The All-Too-Oft-Unnoticed Actors

     While watching the past films of this semester, I have noticed the unspoken actors. The actors I am referring to are the equine actors. Though their parts are often small and unnoticed, they play a major role in telling the actual story. These equine actors can add credit to the story line or take some creditability away from a film. In this essay I will discuss the horses in the films Wuthering Heights, The Innocents, and A Doll's House, and how they played roles in the films.

     The first horses are from the 1939 film Wuthering Heights, directed William Wyler and based on Emily Brontė's 1847 novel. They are only seen during the first few scenes of the film. The scene I would like to refer to is the one with the children (Rex Downing and Sarita Wooten) riding in the hills. This is the point at which poor planning on the part of the set director lost some credit in this film. The novel is set in England; but, when the children come riding across the hills, they are riding the horses in western saddle--western as in "cowboy" style saddles. This type of saddle would have never have been a part of the English countryside. These animals to my best knowledge are typical American Quarter Horses or quarter horses cross-bred. These horses are used very often in Hollywood. The horses as a bred are easily trained, therefore allowing different untrained riders to ride them.

     The subject of getting along with a horse leads me to the next film The Innocents, directed in 1961 by Jack Clayton and based on Henry James's 1898 novella The Turn of the Screw. The part that the pony played in the film was very small but added a lot of detail and a bit of drama. The governess, Miss Giddens (Deborah Kerr), arrives; and Flora (Pamela Franklin), the young girl, is excited about seeing Miles' (Martin Stephens) pony. Mentioning this shows how much money the uncle (Michael Redgrave) spends on the children. The cost of the pony, plus the money to keep one, is a large sum. This could possibly be seen as a form of hush money, anything to keep the children happy and quite. The drama the pony adds to the film is created while Miles is riding the pony. The all-white pony has its small nuzzle pointed in the air, as well as a scared look in its eyes. This small glimpse of the boy laughing while roughly riding his scared pony heightens the sense of good (white pony) verses evil (Miles with dark hair).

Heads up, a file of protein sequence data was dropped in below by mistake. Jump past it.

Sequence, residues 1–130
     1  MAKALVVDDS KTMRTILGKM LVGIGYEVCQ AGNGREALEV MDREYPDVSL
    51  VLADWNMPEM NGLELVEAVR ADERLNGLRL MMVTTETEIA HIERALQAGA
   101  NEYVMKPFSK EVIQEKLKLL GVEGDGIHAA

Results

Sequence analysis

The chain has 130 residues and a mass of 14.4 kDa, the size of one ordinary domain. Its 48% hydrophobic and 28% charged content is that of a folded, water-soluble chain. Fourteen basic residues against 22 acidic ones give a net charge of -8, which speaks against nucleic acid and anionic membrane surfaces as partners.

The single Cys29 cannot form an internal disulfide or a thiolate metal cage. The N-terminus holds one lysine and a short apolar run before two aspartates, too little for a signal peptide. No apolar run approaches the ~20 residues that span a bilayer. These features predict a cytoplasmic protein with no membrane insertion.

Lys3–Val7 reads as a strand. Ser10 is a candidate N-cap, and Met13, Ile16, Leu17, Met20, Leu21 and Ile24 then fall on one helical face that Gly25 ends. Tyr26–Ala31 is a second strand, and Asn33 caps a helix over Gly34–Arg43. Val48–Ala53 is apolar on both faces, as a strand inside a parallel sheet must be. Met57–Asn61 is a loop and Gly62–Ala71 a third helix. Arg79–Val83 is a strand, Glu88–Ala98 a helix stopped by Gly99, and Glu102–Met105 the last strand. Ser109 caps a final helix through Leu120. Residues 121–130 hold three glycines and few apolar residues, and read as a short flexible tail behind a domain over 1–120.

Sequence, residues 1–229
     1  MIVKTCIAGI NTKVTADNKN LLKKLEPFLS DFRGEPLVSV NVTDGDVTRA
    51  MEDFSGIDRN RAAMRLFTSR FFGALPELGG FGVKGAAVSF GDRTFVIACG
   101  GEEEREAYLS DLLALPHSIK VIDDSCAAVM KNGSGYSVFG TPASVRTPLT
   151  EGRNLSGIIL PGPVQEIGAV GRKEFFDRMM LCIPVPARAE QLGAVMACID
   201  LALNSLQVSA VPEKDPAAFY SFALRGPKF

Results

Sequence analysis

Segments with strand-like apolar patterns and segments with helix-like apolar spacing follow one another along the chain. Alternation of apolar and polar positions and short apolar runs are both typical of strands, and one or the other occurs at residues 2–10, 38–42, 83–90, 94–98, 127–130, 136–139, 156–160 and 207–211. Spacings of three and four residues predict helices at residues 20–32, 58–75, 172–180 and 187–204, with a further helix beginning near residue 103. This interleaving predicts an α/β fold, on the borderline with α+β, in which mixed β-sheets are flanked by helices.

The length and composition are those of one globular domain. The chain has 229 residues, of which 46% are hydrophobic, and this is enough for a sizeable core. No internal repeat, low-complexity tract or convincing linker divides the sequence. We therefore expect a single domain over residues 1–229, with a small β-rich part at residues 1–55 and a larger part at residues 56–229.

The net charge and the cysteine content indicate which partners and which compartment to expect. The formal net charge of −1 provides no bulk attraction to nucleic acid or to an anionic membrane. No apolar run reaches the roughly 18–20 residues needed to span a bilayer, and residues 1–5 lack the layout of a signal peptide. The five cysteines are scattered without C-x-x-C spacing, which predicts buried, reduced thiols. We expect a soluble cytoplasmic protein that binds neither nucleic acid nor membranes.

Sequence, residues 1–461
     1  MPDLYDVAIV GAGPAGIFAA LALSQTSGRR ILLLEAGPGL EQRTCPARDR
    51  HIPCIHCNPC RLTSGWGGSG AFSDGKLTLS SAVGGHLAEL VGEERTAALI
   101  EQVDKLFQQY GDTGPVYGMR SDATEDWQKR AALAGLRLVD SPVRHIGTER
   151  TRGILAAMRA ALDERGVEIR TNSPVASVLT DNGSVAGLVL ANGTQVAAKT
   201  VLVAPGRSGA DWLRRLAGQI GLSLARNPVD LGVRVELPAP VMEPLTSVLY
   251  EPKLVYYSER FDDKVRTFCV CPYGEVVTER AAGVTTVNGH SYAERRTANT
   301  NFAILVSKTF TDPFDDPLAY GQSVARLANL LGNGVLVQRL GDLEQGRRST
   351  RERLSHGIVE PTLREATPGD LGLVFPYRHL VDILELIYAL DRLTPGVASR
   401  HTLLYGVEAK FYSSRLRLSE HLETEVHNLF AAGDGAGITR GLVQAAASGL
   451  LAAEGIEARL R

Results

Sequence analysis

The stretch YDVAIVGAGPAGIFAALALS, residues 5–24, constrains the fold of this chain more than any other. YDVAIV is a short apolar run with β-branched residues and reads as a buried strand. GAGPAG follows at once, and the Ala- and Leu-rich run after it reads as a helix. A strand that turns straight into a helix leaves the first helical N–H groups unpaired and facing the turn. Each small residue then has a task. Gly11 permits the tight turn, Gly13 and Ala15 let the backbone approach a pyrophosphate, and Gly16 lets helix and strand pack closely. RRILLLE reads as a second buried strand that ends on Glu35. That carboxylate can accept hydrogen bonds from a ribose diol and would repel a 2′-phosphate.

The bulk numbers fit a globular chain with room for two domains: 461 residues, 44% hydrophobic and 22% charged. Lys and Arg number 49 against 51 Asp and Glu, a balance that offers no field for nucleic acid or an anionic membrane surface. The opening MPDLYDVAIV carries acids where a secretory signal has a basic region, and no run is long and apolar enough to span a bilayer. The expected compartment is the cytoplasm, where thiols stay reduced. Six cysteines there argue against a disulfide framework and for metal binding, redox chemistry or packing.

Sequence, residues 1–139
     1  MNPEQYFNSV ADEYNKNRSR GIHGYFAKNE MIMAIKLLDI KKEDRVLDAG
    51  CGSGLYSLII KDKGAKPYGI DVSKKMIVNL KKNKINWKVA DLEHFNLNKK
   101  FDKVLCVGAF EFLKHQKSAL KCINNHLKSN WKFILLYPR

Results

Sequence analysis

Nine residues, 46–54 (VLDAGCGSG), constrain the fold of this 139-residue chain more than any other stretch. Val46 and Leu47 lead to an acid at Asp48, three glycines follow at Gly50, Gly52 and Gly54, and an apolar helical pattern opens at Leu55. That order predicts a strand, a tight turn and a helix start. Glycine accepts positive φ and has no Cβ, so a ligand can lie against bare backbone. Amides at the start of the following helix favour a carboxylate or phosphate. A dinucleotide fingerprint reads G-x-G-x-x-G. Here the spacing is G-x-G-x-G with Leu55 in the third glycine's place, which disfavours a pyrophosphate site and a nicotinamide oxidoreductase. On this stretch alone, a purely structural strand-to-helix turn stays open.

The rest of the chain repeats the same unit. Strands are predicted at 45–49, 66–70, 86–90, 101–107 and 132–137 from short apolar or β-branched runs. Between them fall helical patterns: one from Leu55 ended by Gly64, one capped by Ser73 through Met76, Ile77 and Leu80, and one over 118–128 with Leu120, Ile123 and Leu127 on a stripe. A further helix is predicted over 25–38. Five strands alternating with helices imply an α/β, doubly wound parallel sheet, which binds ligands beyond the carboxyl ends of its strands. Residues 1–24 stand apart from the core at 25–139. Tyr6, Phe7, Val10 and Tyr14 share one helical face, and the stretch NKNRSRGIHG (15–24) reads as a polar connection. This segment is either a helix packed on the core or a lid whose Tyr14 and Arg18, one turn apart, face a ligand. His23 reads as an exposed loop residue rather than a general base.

The third group of horses I wish to discuss consists of the sled horses in the 1973 film A Doll's House. Director Joseph Losey picked a wonderful setting in Roros, Norway, true to Henrik Ibsen's famous 1879 play. The horses in this film are Norwegian Draft horses. They originated in Norway due to the animals' ability to deal with the cold weather. One can identify this bred of horse by its color. Normally the body of the horse is a light brown to tan, while the horse's legs, mane, tail, and tips of the ears are a rich black. By having authentic surroundings, a director adds to the richness of his film.

     All aspects of film are very important. Even some of the smallest details can capture a viewer and reel that individual in. On the other hand, that same small detail, if overlooked, can lead a viewer away. I believe that all equine actors have the ability to work both ways. Though the horses' parts are often small, they should never be overlooked.

Rachel Zaudke

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